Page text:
What is one to say about this? I am still flabbergasted.

I did some further research into the group of Buddhists who purchased the building. They are called The World Peace and Healing Organization (WPHO). According to their mission statement:

World Peace and Health Organization is a non-profit organization. Its main goal is to serve the societies, help governments and associations to promote plans for the enhancement of their citizens' health quality. At the same time it also promotes world peace and offers advice for the stability of societies.
Let me just say that my beef is not particularly with the Buddhists, though they probably should have exercised better discretion in seeking to purchase Catholic holy sites. As non-Christian religions go, Buddhism is among the most innocuous. In many respects, it is quite similar to Christianity [really?] and its moral code is generally laudable.

The fault for this travesty lies solely with whoever approved the sale of this piece of Our Lady of the Martyrs shrine. This is among the holiest sites in North America and to have it parceled off and sold is an absolute disgrace.

Of course, I wanted to know who was responsible for this outrage and how it was allowed to happen and the trail was not difficult to uncover. Apparently, WPHO has been buying up properties all over the region. As recently as July, the Albany diocese sold off two vacant churches to this same group for a grand total of $250,000.

It appears that when the sale of the Jesuit Retreat House was originally made, the World Peace and Healing Association was operating under a different name: The American Sports Committee. There was nothing about Buddhism in the original articles describing the sale, such as this one in the Evangelist, the newspaper of the Albany Diocese. The article says:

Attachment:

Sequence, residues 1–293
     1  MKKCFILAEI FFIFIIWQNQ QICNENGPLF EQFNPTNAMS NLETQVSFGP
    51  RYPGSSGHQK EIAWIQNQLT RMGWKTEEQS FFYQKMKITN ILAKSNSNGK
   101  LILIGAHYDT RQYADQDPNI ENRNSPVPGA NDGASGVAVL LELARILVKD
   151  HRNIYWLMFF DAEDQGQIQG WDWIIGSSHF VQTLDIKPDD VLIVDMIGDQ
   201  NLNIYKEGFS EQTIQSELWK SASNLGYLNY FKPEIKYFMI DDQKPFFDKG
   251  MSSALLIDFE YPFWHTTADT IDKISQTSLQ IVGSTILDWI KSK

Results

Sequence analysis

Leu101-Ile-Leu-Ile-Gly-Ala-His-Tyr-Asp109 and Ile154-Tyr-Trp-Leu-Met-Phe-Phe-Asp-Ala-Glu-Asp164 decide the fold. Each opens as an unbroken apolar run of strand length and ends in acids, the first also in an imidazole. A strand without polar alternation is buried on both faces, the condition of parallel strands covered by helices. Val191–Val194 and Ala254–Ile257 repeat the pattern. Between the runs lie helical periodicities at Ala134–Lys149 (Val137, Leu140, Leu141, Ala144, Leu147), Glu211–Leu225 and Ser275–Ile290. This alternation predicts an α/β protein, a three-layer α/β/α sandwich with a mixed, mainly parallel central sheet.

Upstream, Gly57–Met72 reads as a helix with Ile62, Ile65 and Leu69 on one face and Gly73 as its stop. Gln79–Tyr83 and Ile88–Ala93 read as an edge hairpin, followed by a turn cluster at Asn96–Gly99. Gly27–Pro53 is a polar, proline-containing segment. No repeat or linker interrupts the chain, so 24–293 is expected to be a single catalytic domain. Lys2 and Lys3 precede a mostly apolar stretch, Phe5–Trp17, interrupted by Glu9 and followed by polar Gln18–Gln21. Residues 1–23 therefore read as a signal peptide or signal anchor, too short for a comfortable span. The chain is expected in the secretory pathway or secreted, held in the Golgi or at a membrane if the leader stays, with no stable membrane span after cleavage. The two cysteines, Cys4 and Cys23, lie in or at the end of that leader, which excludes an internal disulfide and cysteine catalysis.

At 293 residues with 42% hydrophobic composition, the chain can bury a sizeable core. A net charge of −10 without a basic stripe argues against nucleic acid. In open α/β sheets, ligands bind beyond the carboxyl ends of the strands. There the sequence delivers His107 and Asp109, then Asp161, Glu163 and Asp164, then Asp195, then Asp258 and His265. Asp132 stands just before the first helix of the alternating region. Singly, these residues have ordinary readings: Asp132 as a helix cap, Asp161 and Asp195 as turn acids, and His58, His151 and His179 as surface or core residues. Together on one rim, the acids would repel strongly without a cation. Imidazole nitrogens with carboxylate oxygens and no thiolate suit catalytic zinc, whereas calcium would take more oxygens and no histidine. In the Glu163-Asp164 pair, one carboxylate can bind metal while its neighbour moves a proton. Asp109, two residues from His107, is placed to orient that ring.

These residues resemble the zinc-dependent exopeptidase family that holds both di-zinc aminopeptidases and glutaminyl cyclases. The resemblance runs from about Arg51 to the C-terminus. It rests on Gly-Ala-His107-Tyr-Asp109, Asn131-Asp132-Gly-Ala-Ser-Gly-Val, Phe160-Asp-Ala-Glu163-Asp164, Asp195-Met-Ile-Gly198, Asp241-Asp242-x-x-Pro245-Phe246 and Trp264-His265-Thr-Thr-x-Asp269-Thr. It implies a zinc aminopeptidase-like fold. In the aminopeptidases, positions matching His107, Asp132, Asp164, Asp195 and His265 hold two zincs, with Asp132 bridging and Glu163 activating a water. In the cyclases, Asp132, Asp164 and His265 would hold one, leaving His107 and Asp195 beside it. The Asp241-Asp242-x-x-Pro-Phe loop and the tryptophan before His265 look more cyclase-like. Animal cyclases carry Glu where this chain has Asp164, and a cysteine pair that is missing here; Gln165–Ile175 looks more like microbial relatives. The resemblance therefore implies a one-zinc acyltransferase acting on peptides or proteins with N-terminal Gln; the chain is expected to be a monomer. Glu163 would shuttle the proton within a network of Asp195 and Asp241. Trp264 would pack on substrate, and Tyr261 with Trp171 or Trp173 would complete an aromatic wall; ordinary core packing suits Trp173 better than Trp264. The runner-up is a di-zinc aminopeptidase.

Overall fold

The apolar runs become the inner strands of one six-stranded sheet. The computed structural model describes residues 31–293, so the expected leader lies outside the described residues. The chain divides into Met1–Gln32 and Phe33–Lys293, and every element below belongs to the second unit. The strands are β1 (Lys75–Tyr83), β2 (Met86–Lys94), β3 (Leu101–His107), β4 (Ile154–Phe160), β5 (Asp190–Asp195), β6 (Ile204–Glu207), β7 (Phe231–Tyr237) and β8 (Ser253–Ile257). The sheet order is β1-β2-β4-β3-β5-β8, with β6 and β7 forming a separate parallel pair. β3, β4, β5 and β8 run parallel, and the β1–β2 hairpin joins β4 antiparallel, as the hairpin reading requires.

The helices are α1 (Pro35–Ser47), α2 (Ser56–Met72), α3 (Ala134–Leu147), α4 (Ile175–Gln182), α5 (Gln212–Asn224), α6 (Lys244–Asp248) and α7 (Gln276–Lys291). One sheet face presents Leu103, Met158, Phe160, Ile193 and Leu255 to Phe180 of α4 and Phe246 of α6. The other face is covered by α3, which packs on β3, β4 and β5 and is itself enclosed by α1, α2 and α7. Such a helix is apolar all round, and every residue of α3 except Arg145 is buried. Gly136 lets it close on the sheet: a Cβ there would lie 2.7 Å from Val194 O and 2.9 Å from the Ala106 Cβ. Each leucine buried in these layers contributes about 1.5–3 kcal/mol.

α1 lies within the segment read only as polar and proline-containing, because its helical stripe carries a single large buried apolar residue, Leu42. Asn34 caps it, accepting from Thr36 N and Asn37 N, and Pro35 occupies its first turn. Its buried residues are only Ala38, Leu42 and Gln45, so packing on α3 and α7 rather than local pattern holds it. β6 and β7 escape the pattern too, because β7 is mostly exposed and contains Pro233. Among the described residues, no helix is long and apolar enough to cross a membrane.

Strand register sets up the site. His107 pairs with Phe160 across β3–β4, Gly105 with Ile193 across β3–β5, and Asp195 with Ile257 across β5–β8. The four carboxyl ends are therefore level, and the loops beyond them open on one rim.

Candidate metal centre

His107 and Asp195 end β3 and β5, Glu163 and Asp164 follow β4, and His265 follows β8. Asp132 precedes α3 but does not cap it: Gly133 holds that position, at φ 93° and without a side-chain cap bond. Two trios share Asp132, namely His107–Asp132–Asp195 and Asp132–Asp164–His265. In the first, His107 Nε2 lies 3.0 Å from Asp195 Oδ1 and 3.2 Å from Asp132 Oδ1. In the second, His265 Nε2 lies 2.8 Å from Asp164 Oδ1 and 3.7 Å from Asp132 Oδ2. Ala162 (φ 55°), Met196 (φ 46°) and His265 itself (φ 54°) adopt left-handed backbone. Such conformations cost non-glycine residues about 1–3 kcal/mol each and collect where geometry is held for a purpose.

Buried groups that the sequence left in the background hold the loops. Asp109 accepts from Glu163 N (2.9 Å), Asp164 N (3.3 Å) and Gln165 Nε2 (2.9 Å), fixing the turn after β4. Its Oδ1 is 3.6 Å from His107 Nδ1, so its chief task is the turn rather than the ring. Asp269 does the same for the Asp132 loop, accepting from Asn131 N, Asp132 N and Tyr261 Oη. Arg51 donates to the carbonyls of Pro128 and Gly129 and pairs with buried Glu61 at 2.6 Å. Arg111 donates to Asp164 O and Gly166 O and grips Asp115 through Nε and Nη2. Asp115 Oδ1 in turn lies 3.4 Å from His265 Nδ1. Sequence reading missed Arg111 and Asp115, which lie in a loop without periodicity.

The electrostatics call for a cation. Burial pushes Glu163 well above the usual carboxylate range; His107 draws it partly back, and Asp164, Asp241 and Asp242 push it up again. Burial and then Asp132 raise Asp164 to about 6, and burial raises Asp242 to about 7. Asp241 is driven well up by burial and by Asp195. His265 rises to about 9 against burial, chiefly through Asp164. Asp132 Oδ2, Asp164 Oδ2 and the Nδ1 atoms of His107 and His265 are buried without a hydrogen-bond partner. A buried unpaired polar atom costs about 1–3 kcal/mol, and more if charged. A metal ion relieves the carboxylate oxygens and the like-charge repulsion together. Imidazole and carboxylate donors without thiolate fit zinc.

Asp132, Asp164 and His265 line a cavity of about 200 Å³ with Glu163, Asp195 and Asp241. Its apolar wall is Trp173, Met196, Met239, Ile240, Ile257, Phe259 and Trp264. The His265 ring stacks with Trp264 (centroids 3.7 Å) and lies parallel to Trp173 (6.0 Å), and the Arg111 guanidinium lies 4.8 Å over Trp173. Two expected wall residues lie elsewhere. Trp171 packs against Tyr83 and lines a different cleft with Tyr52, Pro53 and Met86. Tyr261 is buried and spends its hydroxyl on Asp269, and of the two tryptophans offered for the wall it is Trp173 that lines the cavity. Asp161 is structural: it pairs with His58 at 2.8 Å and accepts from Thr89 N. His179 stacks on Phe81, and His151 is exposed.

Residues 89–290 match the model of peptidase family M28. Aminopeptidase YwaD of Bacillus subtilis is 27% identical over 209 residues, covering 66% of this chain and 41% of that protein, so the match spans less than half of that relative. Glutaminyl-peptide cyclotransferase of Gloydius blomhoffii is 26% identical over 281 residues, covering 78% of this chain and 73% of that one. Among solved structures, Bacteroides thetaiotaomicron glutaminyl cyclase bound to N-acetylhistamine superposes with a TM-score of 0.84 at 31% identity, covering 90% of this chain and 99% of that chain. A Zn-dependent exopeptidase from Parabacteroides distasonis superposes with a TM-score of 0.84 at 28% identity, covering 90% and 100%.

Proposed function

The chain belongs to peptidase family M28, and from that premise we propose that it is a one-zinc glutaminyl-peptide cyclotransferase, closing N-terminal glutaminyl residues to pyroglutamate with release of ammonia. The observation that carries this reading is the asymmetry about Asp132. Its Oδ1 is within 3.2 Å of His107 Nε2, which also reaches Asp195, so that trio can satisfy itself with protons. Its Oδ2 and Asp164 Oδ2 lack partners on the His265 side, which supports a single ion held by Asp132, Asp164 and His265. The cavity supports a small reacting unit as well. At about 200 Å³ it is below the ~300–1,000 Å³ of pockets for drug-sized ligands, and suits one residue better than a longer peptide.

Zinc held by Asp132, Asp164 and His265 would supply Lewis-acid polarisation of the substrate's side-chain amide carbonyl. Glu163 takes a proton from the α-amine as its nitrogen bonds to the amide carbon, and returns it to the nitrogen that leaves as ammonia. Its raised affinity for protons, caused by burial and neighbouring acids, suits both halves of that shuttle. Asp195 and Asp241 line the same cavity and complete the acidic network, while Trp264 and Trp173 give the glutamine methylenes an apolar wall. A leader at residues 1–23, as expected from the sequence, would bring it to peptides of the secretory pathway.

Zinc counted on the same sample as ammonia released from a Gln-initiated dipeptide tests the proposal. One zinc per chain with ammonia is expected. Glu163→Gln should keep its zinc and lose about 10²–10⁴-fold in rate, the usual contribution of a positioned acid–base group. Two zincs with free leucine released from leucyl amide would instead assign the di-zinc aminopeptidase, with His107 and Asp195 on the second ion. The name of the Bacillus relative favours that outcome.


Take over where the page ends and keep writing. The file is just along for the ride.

Father Murray believes the American Sports Committee will use the building as "a kind of nutrition and wellness center."
Well, given the sign in the back of the building, this claim was either a convenient head-fake on the part of the buyers, or an outright lie on the part of the diocese.

Here's an article from the Times Union of Albany written at the time of the sale. Apparently the ones who vetted potential buyers were....drumroll please...the NY Jesuits and the Diocese of Albany. Not surprising in the least, of course. And the real kick in the knickers comes at the end:

Prospective buyers had to first be cleared by the Albany Roman Catholic Diocese and the New York Province of the Society of Jesuits, Modrys said, adding, "We didn't want anyone to occupy the property who would run an operation that would be contrary to Catholic principles."
OK, so how is it not contrary to Catholic principles to have a Buddhist temple operating on the site of a Catholic holy place?
I don’t know, shall we ask the Jesuits, or Bishop Hubbard?
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Re: Sts. Marianne Cope & Fr. Damien

Post  George Brenner on Sun Oct 28, 2012 8:19 pm

Great post, Mike

I pray to Saint Damien of Molokai every day. Our family was fortunate to be in Maui in late October , 2009 for one of our sons wedding when a relic of st. Damien, Hawaii's first pronounced Saint made stops for prayers and novenas throughout the island. The pride of most of the people was overwhelming.


JMJ,

George